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Earth Surface Dynamics An interactive open-access journal of the European Geosciences Union
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Discussion papers
https://doi.org/10.5194/esurf-2019-11
© Author(s) 2019. This work is distributed under
the Creative Commons Attribution 4.0 License.
https://doi.org/10.5194/esurf-2019-11
© Author(s) 2019. This work is distributed under
the Creative Commons Attribution 4.0 License.

Research article 13 Mar 2019

Research article | 13 Mar 2019

Review status
This discussion paper is a preprint. A revision of the manuscript is under review for the journal Earth Surface Dynamics (ESurf).

Computing water flow through complex landscapes, part 1: Incorporating depressions in flow routing using FlowFill

Kerry L. Callaghan1 and Andrew D. Wickert1,2 Kerry L. Callaghan and Andrew D. Wickert
  • 1Department of Earth Sciences, University of Minnesota, Minneapolis, MN, USA
  • 2Saint Anthony Falls Laboratory, University of Minnesota, Minneapolis, MN, USA

Abstract. Calculating flow routing across a landscape is a routine process in geomorphology, hydrology, planetary science, and soil and water conservation. Flow-routing calculations often require a preprocessing step to remove depressions from a DEM to create a flow-routing surface that can host a continuous, integrated drainage network. However, real landscapes contain natural depressions that trap water. These are an important part of the hydrologic system, and should be represented in flow-routing surfaces. Historically, depressions (or pits) in DEMs have been viewed as data errors, but the rapid expansion of high-resolution, high-precision DEM coverage increases the likelihood that depressions are real-world features. To address this longstanding problem of emerging significance, we developed FlowFill, an algorithm that routes a prescribed amount of runoff across the surface in order to flood depressions, but only if enough water is available. This mass-conserving approach typically floods smaller depressions and those in wet areas, integrating drainage across them, while permitting internal drainage and disruptions to hydrologic connectivity. We present results from two sample study areas to which we apply a range of uniform initial runoff depths and report the resulting filled and unfilled depressions, the drainage network structure, and the required compute time. Typical FlowFill calculations take minutes to perform and permit more realistic analyses of water flow across landscapes.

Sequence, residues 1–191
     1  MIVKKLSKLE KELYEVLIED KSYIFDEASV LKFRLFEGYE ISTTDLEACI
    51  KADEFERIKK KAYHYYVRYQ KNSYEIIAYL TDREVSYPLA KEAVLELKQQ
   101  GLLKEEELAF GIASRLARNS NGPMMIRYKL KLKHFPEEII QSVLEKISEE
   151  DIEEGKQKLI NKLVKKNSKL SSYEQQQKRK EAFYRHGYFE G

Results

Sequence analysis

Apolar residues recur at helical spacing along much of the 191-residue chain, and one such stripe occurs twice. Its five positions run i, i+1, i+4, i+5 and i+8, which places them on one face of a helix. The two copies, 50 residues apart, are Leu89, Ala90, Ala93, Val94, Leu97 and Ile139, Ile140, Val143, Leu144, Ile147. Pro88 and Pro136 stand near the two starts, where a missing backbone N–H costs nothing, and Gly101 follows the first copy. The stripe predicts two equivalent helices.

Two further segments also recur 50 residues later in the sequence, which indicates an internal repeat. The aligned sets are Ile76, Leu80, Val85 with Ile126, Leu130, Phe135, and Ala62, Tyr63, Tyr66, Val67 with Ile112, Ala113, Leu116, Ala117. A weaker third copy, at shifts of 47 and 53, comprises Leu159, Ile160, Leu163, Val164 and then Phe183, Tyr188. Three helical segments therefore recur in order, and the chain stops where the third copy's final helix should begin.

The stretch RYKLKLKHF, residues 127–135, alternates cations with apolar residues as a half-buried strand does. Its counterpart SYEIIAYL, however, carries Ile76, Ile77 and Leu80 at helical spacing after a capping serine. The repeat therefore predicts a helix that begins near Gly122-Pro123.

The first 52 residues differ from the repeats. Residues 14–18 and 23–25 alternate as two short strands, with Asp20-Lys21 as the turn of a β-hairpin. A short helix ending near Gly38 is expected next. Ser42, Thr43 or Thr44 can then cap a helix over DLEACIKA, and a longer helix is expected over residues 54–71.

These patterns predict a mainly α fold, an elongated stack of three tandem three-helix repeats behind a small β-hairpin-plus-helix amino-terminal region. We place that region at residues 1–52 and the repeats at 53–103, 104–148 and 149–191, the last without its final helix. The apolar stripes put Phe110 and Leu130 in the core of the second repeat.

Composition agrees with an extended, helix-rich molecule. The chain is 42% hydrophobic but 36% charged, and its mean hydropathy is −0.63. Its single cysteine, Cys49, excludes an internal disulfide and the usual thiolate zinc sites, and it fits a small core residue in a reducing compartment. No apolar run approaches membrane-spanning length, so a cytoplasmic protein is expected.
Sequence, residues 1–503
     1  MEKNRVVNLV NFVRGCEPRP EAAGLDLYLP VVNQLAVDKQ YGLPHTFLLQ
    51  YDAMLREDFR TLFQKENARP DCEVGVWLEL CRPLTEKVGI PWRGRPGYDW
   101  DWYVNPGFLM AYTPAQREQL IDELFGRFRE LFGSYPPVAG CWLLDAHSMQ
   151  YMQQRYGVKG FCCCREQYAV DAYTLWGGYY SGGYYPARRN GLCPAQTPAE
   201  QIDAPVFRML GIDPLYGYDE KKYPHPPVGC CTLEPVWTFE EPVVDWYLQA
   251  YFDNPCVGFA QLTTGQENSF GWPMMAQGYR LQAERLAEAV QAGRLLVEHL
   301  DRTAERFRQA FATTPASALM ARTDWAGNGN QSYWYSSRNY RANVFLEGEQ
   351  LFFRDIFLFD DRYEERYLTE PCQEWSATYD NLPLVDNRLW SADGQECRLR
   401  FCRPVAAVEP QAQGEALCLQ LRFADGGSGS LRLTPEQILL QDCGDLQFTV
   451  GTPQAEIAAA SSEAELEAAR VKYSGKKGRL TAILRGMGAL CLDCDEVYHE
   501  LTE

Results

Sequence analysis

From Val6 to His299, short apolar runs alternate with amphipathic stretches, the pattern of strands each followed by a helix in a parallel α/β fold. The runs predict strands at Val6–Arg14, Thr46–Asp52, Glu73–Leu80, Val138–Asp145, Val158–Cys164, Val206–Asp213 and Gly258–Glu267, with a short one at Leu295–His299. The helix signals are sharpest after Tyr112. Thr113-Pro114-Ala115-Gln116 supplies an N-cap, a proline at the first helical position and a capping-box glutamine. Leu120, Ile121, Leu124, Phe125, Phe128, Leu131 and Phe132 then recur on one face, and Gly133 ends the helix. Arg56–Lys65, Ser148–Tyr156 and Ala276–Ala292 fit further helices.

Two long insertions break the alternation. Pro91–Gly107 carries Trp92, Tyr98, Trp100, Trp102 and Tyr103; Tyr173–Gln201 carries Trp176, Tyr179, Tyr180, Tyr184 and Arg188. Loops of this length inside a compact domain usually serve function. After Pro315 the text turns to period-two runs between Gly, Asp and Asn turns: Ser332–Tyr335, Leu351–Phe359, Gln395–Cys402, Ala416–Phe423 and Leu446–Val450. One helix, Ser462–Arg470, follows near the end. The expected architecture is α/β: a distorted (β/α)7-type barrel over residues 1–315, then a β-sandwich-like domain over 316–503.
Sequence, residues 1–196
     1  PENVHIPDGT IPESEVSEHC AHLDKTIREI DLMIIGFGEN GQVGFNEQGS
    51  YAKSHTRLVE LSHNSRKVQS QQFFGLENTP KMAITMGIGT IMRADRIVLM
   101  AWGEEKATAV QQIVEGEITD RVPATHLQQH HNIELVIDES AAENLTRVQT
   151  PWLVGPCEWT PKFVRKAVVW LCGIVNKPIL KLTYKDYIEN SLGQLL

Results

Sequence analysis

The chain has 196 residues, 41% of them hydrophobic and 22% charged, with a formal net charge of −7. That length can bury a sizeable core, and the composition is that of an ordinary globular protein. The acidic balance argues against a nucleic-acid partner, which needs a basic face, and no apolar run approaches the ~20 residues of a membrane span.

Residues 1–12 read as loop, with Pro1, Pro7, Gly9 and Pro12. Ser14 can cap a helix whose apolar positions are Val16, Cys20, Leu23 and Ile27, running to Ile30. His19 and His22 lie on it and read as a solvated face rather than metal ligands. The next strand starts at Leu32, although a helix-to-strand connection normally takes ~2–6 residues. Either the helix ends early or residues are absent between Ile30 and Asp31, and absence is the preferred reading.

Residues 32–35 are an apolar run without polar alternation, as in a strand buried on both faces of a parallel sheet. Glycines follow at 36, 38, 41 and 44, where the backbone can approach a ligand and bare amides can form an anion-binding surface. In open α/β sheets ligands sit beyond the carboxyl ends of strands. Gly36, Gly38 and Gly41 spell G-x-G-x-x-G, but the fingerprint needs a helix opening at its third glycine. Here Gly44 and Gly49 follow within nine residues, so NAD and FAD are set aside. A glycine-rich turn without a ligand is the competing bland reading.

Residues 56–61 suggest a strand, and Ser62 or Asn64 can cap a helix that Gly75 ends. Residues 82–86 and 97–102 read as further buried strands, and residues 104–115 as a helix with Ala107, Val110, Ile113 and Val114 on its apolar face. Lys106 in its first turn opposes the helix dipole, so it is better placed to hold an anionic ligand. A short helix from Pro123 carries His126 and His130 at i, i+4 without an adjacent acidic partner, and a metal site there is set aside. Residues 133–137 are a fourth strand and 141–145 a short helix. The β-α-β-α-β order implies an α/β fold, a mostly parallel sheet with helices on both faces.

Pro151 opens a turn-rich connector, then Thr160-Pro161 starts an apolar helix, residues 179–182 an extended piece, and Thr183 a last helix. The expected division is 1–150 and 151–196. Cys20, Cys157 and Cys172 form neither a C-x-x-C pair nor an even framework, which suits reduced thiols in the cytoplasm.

Kerry L. Callaghan and Andrew D. Wickert
Interactive discussion
Status: final response (author comments only)
Status: final response (author comments only)
AC: Author comment | RC: Referee comment | SC: Short comment | EC: Editor comment
Kerry L. Callaghan and Andrew D. Wickert
Model code and software

FlowFill K. L. Callaghan https://doi.org/10.5281/zenodo.2586244

Kerry L. Callaghan and Andrew D. Wickert
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Latest update: 17 Jul 2019
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Short summary
Lakes and swales are real landscape features, but are generally treated as data errors when calculating water flow across a surface. This is a problem because depressions can store water and fragment drainage networks. Until now, there has been no good generalised approach to calculate which depressions fill and overflow, and which do not. We addressed this problem by simulating runoff flow across a landscape, selectively flooding depressions and more realistically connecting lakes and rivers.
Lakes and swales are real landscape features, but are generally treated as data errors when...
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